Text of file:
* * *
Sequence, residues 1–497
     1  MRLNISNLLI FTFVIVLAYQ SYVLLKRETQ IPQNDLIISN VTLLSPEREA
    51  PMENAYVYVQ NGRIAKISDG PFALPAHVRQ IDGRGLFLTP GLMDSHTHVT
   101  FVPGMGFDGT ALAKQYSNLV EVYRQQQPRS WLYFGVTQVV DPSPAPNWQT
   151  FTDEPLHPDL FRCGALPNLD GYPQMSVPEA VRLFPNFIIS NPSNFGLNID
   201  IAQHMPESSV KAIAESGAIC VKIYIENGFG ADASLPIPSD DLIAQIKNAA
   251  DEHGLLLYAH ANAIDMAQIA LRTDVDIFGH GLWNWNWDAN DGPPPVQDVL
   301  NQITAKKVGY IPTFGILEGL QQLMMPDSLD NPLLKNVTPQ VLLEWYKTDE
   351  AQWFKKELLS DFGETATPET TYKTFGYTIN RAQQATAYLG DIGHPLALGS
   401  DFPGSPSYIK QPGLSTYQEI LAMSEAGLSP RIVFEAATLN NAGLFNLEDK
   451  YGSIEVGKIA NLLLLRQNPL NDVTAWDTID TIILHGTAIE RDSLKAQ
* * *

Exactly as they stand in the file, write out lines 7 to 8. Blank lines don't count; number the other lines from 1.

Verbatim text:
   251  DEHGLLLYAH ANAIDMAQIA LRTDVDIFGH GLWNWNWDAN DGPPPVQDVL
   301  NQITAKKVGY IPTFGILEGL QQLMMPDSLD NPLLKNVTPQ VLLEWYKTDE